Brazil, Argentina locked in protectionism row
Disputes on changing terms of bilateral agreements and canceled investment projects are getting bitter
Tensions have mounted this week between Brazil and Argentina as a series of disputes over private investment and bilateral trade barriers have been escalating. The relations between the two main trading partners in Mercosur have soured after Vale, the Brazilian mining company, decided to suspend a $6 billion investment in Argentina. Earlier, the Argentine government had decided unilaterally to change the terms of the bilateral automotive trade agreement with Brazil in an attempt to protect its own industry. Brazilian trade officials are trying to find a negotiated solution with their counterparts in automotive trade, but Argentine officials have reacted angrily and threaten to quash Vales concession in the Mendonza province.
Protectionism is the big issue here, according to John Welch, chief macro strategist at CIBC World Markets, and Brazil may only get a taste of its own medicine when it comes to its tortuous relations with Argentina. The controversy over Vale is mainly related to tax issues and the turbulent macroeconomic environment in Argentina, but also to difficulties in importing equipment. There are serious problems getting capital goods, it makes it very difficult to finish the projects or keep them going, said Welch.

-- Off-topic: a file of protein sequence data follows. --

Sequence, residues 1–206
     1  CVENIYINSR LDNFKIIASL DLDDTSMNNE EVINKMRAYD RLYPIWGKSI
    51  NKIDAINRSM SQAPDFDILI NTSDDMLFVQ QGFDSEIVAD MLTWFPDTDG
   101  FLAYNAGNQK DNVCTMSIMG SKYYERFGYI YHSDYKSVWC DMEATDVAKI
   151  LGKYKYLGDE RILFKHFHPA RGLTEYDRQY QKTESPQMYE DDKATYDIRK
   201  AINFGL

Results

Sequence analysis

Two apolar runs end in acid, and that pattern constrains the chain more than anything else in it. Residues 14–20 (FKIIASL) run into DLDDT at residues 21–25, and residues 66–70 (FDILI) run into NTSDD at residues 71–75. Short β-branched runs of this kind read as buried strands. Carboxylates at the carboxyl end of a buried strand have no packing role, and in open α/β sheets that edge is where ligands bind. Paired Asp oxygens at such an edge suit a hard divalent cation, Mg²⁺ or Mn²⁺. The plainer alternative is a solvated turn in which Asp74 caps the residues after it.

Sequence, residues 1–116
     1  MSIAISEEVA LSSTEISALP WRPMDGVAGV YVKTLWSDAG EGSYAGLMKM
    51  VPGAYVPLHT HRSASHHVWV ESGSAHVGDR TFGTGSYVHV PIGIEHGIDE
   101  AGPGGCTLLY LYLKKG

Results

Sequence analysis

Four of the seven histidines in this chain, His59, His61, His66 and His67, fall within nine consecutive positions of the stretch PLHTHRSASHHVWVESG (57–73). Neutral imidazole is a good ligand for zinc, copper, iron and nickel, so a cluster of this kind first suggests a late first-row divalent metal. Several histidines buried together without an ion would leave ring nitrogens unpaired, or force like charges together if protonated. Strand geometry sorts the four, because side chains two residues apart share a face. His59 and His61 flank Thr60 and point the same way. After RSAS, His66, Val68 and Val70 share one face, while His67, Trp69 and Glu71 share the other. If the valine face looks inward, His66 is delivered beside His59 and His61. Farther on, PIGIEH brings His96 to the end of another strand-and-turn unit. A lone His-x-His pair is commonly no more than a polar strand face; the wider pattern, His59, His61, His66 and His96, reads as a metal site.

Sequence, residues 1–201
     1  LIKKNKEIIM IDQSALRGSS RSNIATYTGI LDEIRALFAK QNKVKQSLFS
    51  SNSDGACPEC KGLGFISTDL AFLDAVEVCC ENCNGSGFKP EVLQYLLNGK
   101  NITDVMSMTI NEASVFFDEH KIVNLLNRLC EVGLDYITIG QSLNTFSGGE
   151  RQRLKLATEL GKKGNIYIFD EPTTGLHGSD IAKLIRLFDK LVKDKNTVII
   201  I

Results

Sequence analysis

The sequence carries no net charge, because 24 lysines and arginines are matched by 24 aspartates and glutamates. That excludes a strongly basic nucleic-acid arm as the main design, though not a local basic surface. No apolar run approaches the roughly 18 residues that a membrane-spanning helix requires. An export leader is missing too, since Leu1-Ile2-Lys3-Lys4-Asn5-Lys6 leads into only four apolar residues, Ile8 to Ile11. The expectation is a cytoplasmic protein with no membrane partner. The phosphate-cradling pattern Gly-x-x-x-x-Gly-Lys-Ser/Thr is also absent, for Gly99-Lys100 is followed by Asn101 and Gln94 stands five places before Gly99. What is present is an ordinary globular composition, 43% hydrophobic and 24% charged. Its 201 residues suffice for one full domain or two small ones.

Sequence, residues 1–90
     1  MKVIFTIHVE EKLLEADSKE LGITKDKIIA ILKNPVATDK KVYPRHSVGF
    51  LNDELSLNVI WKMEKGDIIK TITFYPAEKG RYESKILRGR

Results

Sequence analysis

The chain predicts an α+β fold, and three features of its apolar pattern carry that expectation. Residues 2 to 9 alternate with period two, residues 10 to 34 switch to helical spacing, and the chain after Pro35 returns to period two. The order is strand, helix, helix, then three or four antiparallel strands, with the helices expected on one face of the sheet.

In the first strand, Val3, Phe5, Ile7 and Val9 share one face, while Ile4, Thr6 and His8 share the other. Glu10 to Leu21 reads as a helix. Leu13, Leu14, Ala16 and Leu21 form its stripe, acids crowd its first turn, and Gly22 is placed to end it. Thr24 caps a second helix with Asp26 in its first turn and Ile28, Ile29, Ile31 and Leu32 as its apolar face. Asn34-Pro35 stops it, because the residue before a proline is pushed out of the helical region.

Vale is said to have invested some $2 billion of the $6 billion that would be needed to complete the Rio Colorado project. The decision to suspend the project triggered an angry reaction from the government, which has threatened to end Vales concession. If I was a Vale investor, I would be worried, said the Argentine planning minister Julio de Vido. The performance of other companies such as Odebrecht, Brazils largest construction company, and Loma Negra, which is controlled by the Brazilian conglomerate Camargo Correa, may also be affected by the deteriorating business climate.
Meanwhile, Argentina recently decided to unilaterally revise its bilateral automotive agreement with its powerful neighbour to protect its own industry. But Brazil restricted its own car imports from Mexico and other countries last year.
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Renewed tensions occur amidst concern in Brazil regarding bilateral trade with Argentina, its third largest export market behind China and the US.
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